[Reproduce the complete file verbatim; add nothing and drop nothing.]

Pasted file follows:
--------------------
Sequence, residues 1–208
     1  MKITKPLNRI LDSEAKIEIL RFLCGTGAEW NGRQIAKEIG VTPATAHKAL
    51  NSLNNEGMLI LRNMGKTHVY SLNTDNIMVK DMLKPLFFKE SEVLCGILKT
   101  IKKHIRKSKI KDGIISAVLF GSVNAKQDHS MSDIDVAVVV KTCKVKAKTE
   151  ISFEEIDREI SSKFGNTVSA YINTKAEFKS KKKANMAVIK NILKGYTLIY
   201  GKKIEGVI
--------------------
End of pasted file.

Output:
Sequence, residues 1–208
     1  MKITKPLNRI LDSEAKIEIL RFLCGTGAEW NGRQIAKEIG VTPATAHKAL
    51  NSLNNEGMLI LRNMGKTHVY SLNTDNIMVK DMLKPLFFKE SEVLCGILKT
   101  IKKHIRKSKI KDGIISAVLF GSVNAKQDHS MSDIDVAVVV KTCKVKAKTE
   151  ISFEEIDREI SSKFGNTVSA YINTKAEFKS KKKANMAVIK NILKGYTLIY
   201  GKKIEGVI